Bob Jones University also denounced Billy Graham for the same reasons. This was despite Graham’s and many of his associates’ graduation from Bob Jones University.
Bob Jones University is quite anti-Catholic. When Pope John Paul II visited Columbia, South Carolina, the late Bob Jones Jr. said that he would “sooner speak with the Devil himself” than speak with the Pope.
A frequent speaker at Bob Jones is Reverend Ian Paisley, who is also head of the Ulster Democratic Unionist Party in the UK. He was the most prominent opponent of the Good Friday Accord prior to its passage. He also had to be temporarily removed from the European Parliament chambers after he held up a sign “John Paul II = Antichrist” while the Pope was making a speech.
I hope this information can be of some use to you,
11 February 2000
The NRA formed a legislative affairs division in response to debate concerning passage of the 1934 National Firearms Act, some of the earliest federal gun control legislation in the United States. The NRA supported the act along with the Gun Control Act of 1968. The two acts collectively created a system to license gun dealers and imposed taxes on the private ownership of machine guns.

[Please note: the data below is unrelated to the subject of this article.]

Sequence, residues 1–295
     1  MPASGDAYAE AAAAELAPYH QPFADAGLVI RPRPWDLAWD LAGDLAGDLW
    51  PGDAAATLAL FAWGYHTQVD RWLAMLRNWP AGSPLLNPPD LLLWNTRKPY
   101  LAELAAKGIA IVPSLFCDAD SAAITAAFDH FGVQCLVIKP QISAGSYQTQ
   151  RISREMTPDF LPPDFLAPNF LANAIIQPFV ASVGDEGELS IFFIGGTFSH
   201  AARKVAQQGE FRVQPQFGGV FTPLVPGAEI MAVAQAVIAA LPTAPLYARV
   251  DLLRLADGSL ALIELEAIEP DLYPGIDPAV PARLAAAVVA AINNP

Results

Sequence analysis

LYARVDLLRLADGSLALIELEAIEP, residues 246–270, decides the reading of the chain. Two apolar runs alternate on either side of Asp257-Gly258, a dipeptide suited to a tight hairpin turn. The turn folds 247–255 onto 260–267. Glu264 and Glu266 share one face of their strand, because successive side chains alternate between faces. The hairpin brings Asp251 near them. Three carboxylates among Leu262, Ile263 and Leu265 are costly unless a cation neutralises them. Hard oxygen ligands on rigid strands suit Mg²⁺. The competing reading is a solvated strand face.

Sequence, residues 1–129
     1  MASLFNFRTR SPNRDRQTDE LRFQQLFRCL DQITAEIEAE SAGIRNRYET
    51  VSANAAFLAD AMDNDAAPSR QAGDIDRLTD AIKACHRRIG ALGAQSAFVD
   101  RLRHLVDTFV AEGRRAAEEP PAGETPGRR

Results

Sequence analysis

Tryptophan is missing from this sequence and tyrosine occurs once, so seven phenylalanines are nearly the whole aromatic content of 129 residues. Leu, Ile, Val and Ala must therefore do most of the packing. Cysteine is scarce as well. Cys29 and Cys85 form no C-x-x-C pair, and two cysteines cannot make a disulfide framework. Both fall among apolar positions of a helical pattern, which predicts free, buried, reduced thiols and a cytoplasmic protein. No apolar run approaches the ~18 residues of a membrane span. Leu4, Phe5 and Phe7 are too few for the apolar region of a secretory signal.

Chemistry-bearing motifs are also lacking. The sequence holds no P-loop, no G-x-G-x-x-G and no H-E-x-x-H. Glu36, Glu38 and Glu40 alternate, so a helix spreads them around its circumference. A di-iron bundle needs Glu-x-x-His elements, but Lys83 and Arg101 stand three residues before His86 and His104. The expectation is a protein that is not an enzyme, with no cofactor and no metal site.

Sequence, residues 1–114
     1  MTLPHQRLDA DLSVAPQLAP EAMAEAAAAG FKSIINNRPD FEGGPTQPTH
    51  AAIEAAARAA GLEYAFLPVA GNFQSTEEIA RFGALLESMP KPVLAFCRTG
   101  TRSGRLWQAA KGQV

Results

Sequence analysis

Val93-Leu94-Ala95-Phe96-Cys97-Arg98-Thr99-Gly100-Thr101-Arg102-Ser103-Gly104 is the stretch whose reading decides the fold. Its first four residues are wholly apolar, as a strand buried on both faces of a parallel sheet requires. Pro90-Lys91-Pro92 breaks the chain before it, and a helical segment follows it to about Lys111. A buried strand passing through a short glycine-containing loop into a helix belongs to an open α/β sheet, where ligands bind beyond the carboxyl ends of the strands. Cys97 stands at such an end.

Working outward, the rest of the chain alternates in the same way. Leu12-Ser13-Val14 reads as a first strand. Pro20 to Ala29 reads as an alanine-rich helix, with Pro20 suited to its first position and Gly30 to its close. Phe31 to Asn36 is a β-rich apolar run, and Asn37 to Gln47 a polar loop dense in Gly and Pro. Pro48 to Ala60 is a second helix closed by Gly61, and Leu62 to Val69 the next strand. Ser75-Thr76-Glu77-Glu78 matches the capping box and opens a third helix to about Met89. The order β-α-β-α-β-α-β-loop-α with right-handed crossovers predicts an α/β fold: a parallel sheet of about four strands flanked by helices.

In 1975, the NRA created the Institute for Legislative Action to lobby for Second Amendment rights as a complement to its core mission of supporting hunting, conservation and marksmanship.
Until the middle 1970s, the NRA had mainly focused on sportsmen, hunters and target shooters, and had downplayed issues of gun control. The 1977 annual convention in Cincinnati would be a defining election for the organization and came to be known as “The Cincinnati Revolution.” At the convention, the leadership had planned an elaborate new headquarters in Colorado, designed to promote sportsmanship and conservation. Within the organization, now existed a group of members whose central concern was Second Amendment rights. Those activists defeated the incumbents in 1977 and elected Harlon Carter as executive director and Neal Knox as head of the ILA.